Our Focus is Your Vision
A cataract is a discoloration or clouding of the normally clear lens in the eye. This change in lens clarity causes light to be scattered producing glare and a reduction of vision that cannot be corrected with glasses. Unfortunately, there are no medical or nutritional methods of treating a cataract and once detected, the only way to improve the vision is by removing the cataract surgically.
Recent advances in cataract surgery now allow many patients to have their cataract removed without the use of needles or stitches. The eye is anesthetized using eye drops rather than using an injection of anesthetic under the eye ball with a needle.
Avoiding the needle reduces the risk of bleeding, bruising and inadvertent damage from the needle itself. The patient must be able to cooperate by looking at a light during parts of the surgery to help control eye movement; thus not all patients are good candidates for the procedure. Overall, the far majority of patients do well with this eye drop anesthesia.
In the phacoemulsification procedure, a very small incision is made (about 1/8 inch) through which the cataract is removed and an implant is placed to help the eye focus. The incision is self-sealing and rarely ever requires a stitch (also called suture). These incisions are so small they do not typically require a shield to protect the eye. These incisioncan be done with a blade (traditional surgery) or made with a femtoscond laser (Laser Assisted Cataract Surgery).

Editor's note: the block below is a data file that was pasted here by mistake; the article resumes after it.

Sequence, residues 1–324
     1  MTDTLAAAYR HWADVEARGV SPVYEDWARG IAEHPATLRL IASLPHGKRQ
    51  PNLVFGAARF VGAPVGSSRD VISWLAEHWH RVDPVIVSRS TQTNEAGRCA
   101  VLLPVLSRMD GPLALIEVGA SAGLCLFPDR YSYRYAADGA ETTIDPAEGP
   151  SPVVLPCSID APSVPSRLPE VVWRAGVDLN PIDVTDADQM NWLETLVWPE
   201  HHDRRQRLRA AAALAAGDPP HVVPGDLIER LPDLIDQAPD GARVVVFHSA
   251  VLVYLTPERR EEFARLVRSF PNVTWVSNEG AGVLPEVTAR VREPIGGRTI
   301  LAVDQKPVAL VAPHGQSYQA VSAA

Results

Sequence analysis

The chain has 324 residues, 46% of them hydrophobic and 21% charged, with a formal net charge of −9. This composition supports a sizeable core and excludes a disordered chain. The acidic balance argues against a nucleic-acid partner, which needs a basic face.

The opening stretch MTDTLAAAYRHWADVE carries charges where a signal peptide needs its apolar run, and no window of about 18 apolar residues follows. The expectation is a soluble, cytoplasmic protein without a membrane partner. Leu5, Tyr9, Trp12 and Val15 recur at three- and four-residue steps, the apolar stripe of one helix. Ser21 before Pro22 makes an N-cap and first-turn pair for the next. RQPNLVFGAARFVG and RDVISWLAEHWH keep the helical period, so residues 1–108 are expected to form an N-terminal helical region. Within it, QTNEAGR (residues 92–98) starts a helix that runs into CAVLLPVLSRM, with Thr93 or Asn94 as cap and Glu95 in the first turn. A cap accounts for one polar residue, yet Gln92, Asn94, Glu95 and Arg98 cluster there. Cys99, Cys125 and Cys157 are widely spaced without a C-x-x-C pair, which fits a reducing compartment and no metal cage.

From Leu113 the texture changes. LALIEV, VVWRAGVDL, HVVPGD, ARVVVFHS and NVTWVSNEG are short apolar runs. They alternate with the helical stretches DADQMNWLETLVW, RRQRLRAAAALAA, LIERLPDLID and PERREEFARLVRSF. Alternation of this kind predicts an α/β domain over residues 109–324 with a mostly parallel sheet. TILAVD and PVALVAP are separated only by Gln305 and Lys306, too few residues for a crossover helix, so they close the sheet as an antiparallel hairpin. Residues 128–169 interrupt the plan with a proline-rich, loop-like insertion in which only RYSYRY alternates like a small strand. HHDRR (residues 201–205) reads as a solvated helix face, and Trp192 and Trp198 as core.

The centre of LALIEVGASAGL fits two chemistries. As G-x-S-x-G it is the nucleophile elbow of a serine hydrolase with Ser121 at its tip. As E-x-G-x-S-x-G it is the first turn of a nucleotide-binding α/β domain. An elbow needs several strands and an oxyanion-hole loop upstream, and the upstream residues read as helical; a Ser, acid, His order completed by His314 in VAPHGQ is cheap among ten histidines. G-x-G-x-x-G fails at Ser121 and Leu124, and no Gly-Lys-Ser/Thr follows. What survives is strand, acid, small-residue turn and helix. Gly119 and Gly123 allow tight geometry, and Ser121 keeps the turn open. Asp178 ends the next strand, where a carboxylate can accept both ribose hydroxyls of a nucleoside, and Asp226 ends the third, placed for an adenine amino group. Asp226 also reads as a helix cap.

Furthermore, when topical anesthesia is used we do not even require a patch for our patients and they can resume normal activities upon leaving the hospital. These patients leave the operating room without a patch or shield and they are able to see. They typically have no physical restrictions. Their vision may be somewhat blurred on the first day but most patients are happy to avoid patching.
The advantages of small incision, no stitch, no shield cataract surgery include quick visual recovery, minimal discomfort and no restriction of activities. Eye drop anesthesia eliminates the use of needles, thus reducing the risk of bleeding or damage to the eye when applying the anesthetic. It also eliminates the need for a patch or shield.
Small incision surgery also allows the surgeon to control the amount of astigmatism after surgery. Small incisions do not typically change the astigmatism significantly so the surgeon can get a more predictable outcome and even provide astigmatism reductions if necessary and elected by the patient.
The increased predictability regarding refraction after small incision surgery also enables our surgeons to use new technology implants that can provide distant, near and intermediate vision. These advanced technology intraocular lens implants can provide increased freedom from glasses.
Now, with the availability of the Physicians Outpatient Surgery Center, patients can have topical cataract surgery without the hassles and higher cost of a hospital admission. Surgeries are monitored by certified registered nurse anesthetists (CRNAs). The Physicians Outpatient Surgery Center is Medicare approved, and Certified by the State of Ohio and the Accreditation Association for Ambulatory Health Care (AAAHC).
Toptical cataract surgery is a relatively new technique and not necessarily used on all patients or by every surgeon. We believe our patients benefit from these new surgical techniques. Dr. David George, Dr. Scott Strickler and Dr. Zane Lazer have pioneered this new technique in the Mid-Ohio Valley.
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Additional Intraocular Lens Information